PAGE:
Brainchild of Tim Smit, The Eden Project is an environmental, educational and architectural venture in 'Green Tourism' near St. Austell, Cornwall, UK. The ideology behind Eden is that of communicating issues surrounding current environmental concerns, and demonstating mankind's unique relationship and dependency with flora. Eden describes itself and a "showcase for all the questions and many of the answers".

The "showcase" itself is very spectacular: 2 massive 'biomes' – housed in domes constructed of thousands of hexagons (a bit like an insect’s eye) – the volumes of which measure 15,590 and 6,540 metres cubed. The hexagons from which the domes are constructed are made from ‘ETFE’ (Ethylene Tetrafluoro Ethylene co-polymer), a transparent, super strong, self-cleansing foil. This allows in sunlight to support the plant life inside, plus helps maintain the carefully controlled environments inside. They are set in an old quarry. They are surrounded by landscaped gardens and the visitor’s centre – all parts of the Eden Project, however the main attraction in most certainly the walk round the inside the biomes themselves.

Inside the domes are artificial environments: the smaller houses the ‘Warm Temperate’ environment which is a Mediterranean-style climate, with plants from such climates. Walking through this area, the visitor travels through areas inspired by Mediterranean Europe, South Africa, and California. The larger ‘Humid Tropics’ biome houses plants of the rainforest such as mahogany, pineapple, teak and banana. Outside the biomes there are plants that thrive in Cornwall’s own mild temperate climate – sunflowers, hemp, tea, lilies and more. Overall, there are approximately 100 000 plants and 5000 different species from all over the world.

Naturally, as these domes are closed artificial environments, the conditions inside them must also be man-made. The temperatures are maintained through a computer system that automatically opens and closes vents in the tops of the domes; through the insulating properties of the ETFE hexagons; and through the plants themselves, which ‘sweat’ when they are warmer, therefore cooling the air. To water the plants and keep the Humid biome humid, run-off water from the outside of the domes is collected and recycled. A waterfall in the humid biome also helps maintain water levels, as well as regular simulated rainfalls from sprinklers.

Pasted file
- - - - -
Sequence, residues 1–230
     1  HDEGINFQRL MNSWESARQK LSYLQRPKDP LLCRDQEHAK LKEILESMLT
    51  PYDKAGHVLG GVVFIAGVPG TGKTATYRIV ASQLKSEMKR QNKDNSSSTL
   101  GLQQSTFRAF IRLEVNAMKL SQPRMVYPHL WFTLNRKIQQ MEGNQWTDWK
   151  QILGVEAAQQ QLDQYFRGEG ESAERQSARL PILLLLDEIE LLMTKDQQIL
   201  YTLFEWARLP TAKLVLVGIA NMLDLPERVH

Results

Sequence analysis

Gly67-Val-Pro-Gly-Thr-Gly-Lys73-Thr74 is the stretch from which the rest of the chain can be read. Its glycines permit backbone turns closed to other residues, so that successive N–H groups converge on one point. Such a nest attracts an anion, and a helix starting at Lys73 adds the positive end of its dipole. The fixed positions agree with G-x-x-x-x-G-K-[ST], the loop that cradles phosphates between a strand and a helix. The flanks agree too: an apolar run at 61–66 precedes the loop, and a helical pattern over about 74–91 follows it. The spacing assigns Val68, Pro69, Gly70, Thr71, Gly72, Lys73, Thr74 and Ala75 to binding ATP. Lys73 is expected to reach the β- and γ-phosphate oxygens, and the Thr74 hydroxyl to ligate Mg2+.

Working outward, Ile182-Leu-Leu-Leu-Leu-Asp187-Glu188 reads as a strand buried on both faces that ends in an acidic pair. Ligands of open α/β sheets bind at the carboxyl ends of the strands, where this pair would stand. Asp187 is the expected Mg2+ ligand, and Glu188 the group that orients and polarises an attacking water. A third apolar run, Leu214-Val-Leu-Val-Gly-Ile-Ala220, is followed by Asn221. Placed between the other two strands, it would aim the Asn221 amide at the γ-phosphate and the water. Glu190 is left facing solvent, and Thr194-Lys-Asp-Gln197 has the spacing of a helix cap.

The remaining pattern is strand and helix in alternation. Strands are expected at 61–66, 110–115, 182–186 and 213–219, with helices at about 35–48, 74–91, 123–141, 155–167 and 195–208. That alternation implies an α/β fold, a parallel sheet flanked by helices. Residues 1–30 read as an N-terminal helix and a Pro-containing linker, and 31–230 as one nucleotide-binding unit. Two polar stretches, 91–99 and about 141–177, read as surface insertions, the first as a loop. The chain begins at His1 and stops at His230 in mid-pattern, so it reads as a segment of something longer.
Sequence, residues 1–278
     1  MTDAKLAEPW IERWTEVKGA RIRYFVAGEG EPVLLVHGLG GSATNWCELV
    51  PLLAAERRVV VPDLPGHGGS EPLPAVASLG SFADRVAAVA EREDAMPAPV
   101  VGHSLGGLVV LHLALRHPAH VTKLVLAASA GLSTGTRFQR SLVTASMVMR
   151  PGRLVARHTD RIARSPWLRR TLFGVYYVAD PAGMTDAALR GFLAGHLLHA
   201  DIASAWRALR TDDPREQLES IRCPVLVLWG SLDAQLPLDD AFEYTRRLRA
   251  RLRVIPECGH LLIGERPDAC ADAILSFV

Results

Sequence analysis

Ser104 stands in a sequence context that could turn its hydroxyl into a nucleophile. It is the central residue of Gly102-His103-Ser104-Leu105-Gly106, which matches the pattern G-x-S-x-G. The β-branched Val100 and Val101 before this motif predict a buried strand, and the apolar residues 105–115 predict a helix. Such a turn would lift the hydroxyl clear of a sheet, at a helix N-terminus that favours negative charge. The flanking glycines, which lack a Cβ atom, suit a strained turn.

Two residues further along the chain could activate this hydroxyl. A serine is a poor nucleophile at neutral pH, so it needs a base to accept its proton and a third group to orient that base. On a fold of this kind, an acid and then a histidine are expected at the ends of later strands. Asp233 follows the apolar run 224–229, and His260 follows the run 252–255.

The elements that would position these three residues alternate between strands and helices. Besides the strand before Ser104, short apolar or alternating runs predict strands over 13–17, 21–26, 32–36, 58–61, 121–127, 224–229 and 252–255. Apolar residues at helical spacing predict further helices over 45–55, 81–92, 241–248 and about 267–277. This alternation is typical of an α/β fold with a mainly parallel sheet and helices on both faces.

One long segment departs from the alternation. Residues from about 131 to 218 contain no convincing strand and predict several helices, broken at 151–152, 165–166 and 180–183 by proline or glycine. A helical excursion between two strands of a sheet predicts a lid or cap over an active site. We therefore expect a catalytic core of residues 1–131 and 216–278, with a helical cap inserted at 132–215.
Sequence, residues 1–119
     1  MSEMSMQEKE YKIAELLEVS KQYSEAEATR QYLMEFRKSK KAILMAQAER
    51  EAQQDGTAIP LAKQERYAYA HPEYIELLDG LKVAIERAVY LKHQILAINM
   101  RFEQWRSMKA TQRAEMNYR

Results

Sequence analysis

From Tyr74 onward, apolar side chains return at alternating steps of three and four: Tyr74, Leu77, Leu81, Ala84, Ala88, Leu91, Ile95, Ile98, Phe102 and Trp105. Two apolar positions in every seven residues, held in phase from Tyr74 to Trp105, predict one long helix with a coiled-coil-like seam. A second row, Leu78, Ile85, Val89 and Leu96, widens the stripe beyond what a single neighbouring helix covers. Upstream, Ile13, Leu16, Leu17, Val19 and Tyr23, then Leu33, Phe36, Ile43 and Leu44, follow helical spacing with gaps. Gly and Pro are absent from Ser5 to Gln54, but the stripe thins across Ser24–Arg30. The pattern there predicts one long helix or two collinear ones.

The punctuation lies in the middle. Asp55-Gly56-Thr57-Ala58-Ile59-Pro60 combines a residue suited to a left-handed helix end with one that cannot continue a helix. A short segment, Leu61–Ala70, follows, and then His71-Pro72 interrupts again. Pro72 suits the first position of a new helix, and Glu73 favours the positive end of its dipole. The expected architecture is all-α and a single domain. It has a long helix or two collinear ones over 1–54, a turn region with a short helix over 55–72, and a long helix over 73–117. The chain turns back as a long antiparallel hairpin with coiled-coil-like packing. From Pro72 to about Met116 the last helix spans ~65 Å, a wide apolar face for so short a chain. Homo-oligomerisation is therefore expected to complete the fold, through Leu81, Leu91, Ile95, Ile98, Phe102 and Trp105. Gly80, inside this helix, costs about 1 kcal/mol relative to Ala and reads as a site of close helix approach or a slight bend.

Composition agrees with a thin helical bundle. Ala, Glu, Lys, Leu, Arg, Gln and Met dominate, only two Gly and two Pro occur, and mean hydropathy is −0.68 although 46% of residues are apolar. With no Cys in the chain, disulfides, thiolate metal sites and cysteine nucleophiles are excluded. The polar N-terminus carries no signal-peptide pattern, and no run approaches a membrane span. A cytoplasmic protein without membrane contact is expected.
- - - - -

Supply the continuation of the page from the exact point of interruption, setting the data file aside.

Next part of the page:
The sheer scale of Eden as an ongoing environmental project and tourist attraction has naturally made an impact on the local community. In an area with high unemployment, it has been a welcome break by providing thousands of jobs directly, plus bringing more wealth to the area through the ‘multiplier effect’. There has however been some anger locally over several issues: firstly that the admission prices are so high in an area which is so poor. The Eden Project argues that it is offering a “Grade A” attraction that is at “the top of the range” therefore such prices are justified. To decide whether this is true one really has to visit to decide for oneself! Another negative effect is that of the traffic congestion that has come upon the area due to the sheer number of visitors. Eden attempts to draw at least 20% of its visitors from transport other than cars – and it is possible to arrive by train and then bus, or by bicycle – however there is still a massive increase in traffic levels in a county in which the largest roads have two lanes.

As a ‘project’ as well as tourist attraction, Eden is a long term venture. The idea behind Eden is that it will be here ‘forever’. The domes are maintenance free for at least 25 years, time enough for the ecosystems to mature into climax vegetation. Plants are bred in the Eden nursery, and an endangered plants breeding programme is also in place. Eden runs an educational programme aimed at schools and the general public. Training programmes are also run for local businesses. Eden plans to develop and evolve – as quoted in their literature: “In short it will be bigger and better - mature but always fun.”

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